Building a technology arsenal for the hybrid workforce
Author Krupa Solanki  | 

Download Brief here: WL_TechnologyArsenal

No workplace experience is universal. Each employee requires a distinct set of workplace technologies which enable them to carry out their often-unique daily workplace activities and tasks. As much of the corporate world pivots to a hybrid remote and in-office work model, there is a renewed curiosity about the tools and technology which activate and underpin the workplace experience. From video conferencing technology designed to simulate digital equality between in person and remote participants to workflow management tools which enable seamless collaboration across the globe, the technology arsenal for the hybrid workforce is as broad as it is complex.

In this brief, Industry Analyst, Krupa Solanki provides a non-exhaustive guide to some of the technologies central to creating a successful hybrid workplace.


A buzzword that is fast becoming synonymous with the hybrid workplace is “intentionality.” This new intentional workplace empowers employees to utilize the hybrid model to create the most effective working patterns. However, such variability means that employees will require a seamless way of interacting with their physical workplace. Technology which allows colleagues to view, and pre-book spaces suited to their day, or week’s activities will become essential. Room and space booking tools vary in form and functionality, from desktop software to mobile applications, businesses should undergo a robust selection process to ensure that their preferred vendor is able to fulfil their requirements. This is admittedly no easy feat as the market landscape is made up of a variety of vendors; from the older enterprise players such as Accruent, Condecco, Agilquest, Crestron and fm systems to younger, more disruptive vendors such as Mapiq, teem, robin, Smartway2 and Yarooms.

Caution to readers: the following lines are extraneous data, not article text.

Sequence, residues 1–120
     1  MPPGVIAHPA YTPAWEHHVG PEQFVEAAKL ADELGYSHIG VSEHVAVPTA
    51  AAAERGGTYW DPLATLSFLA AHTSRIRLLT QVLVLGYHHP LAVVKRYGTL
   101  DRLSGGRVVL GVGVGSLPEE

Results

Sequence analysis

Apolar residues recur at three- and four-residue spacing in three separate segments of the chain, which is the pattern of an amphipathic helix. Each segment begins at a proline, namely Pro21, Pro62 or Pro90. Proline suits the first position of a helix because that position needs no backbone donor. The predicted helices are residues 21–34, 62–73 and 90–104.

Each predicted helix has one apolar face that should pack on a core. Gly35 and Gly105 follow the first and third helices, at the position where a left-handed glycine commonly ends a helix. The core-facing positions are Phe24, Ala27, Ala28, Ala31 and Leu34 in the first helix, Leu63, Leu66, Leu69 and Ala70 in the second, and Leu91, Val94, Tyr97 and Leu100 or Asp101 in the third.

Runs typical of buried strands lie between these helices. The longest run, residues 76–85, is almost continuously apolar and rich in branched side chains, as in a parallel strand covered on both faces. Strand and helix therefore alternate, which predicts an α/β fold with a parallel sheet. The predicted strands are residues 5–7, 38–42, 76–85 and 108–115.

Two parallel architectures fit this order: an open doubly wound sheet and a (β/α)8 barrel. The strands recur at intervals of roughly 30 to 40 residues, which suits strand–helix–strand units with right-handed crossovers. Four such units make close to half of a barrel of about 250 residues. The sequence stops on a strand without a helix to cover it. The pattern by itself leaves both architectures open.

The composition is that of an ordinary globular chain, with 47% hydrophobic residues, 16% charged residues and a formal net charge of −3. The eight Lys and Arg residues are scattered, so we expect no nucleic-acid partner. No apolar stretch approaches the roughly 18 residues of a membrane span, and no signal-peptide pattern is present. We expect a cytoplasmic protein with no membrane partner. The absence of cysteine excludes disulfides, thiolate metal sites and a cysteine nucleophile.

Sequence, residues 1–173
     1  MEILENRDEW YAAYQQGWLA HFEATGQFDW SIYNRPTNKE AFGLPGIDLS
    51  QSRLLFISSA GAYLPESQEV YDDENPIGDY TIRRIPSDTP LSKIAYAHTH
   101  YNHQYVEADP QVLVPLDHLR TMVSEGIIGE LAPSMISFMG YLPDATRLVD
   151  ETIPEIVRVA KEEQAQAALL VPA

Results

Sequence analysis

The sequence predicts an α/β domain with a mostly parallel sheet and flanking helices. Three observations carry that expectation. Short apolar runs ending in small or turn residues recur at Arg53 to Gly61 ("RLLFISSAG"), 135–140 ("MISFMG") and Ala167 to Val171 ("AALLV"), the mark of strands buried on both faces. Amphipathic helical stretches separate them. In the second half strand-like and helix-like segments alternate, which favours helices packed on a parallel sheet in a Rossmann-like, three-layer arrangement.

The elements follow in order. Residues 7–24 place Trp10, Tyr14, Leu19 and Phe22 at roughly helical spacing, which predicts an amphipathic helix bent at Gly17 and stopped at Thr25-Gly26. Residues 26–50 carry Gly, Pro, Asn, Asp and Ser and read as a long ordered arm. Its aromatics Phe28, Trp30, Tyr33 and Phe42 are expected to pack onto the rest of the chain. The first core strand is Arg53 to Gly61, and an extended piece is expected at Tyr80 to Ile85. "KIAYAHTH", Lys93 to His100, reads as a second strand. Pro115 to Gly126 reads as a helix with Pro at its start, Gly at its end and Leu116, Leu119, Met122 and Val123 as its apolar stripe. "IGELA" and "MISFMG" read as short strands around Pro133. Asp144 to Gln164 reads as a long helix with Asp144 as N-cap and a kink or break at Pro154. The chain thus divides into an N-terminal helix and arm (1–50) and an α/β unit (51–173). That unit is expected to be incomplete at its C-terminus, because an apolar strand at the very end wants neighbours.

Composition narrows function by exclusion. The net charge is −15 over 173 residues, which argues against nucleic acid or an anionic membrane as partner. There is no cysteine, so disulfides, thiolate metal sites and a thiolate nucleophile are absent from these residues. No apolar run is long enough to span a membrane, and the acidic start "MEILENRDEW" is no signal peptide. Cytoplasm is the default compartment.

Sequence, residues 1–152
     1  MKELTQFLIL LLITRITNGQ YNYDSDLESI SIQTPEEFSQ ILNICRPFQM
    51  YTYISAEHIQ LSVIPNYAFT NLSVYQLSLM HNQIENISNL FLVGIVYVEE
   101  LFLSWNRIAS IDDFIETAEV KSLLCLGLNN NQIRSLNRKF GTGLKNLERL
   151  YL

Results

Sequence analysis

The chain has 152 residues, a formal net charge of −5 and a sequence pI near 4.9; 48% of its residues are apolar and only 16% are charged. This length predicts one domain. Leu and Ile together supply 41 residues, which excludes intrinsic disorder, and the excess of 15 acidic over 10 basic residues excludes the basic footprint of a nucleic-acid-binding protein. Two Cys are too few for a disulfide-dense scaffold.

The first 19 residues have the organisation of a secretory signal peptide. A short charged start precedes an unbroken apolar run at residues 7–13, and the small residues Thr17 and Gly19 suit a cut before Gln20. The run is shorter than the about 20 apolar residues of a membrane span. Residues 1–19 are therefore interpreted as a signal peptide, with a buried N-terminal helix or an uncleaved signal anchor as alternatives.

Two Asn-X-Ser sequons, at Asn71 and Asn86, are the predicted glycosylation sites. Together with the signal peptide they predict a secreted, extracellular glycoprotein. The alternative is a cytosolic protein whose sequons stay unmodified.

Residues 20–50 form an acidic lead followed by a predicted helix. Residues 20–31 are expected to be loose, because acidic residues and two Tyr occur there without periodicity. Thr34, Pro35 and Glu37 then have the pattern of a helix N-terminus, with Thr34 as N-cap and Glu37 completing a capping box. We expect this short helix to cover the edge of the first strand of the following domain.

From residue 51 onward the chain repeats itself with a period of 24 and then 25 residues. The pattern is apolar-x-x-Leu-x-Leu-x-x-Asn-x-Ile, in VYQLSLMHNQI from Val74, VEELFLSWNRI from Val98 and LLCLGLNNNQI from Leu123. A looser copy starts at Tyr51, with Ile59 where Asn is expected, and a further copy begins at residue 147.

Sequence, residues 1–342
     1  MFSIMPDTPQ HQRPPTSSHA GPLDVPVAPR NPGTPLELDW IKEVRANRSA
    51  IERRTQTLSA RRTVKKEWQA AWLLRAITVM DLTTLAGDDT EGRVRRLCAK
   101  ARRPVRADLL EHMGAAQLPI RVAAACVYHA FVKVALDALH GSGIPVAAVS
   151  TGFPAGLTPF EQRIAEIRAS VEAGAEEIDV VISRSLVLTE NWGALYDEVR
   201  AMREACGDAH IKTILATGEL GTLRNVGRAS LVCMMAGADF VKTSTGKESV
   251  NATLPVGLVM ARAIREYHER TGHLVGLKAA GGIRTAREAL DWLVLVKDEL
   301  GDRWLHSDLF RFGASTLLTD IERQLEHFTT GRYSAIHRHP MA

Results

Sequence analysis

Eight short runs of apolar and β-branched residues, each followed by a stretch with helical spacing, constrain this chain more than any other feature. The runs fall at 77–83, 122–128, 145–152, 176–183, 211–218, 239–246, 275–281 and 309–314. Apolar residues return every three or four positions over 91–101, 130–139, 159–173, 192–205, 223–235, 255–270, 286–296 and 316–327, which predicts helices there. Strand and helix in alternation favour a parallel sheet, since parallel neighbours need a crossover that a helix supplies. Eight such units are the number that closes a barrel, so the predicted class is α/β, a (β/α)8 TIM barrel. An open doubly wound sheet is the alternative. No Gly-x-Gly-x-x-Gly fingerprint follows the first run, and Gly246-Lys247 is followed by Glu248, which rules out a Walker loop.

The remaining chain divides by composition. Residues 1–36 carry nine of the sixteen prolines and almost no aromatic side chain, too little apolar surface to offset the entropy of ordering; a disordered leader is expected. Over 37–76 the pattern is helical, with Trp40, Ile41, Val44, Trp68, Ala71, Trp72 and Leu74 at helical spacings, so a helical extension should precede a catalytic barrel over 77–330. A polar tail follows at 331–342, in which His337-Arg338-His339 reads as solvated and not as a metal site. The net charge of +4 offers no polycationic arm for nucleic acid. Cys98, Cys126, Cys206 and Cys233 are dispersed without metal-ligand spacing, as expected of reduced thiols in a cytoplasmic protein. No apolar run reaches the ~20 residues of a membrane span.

In such a crowded market, as a bare foundation, users should ensure that that such technology integrates with other more common office software technologies, such as Microsoft Outlook, Google Workspace and Apple Mail among others, . Such integration streamlines the user process while augmenting their experience. As an additional fundamental requirement, businesses should ensure that room and space booking tools are intelligently utilised to make a variety of spaces bookable for the hybrid worker; In a hybrid workplace, the employees’ decision of where to work based on the needs of their day is almost as critical as the decision of whether to go into the workplace at all.

Room and space booking technology has the additional benefit of being able to impose digital limits and restrictions. During the pandemic, the ability to utilise such technology to impose social distancing requirements, for example by making ever other desk bookable, has proven valuable.

In more sophisticated room and space booking technology, AI, suggestions and nudges provide employees who choose to use such features additional insights and a better degree of interactivity with their spaces. Such nudges and suggestions can be configured to unlock a range of additional workplace benefits, for example – a nudge might inform employees of the key days their colleagues working on the same project are in the office, and remind them that it might be worthwhile for them to also come in. In other incarnations, they can also unlock social benefits for example by reminding employees to physical workplaces events such as happy hours or ‘lunch-and- learn’ events are taking place.

In a variable, and often uncertain workplace terrain, room and space booking technologies which are able to intuitively understand user needs, identity issues and suggest solutions are fundamental as these assist employees by adding clarity to complex work environments.

Access and Entry

The dangers of COVID-19 have stressed the importance of health, safety and hygiene in the workplace. A touchless, or at least a touch-light workplace brings an access experience, which is quite literally placed at the fingertips of employees and corporate guests. Mobile apps or QR codes used through personal devices, biometrics (retina/fingerprint) and more controversially, facial recognition technologies are therefore fast forming key components of the hybrid workplace experience. Companies specialising in biometric and facial recognition access technologies, such as IDEMIA, NEC Corporation and HID, boast impressive security and user experience credentials which go some way to explaining the popularity of such technology in recent years.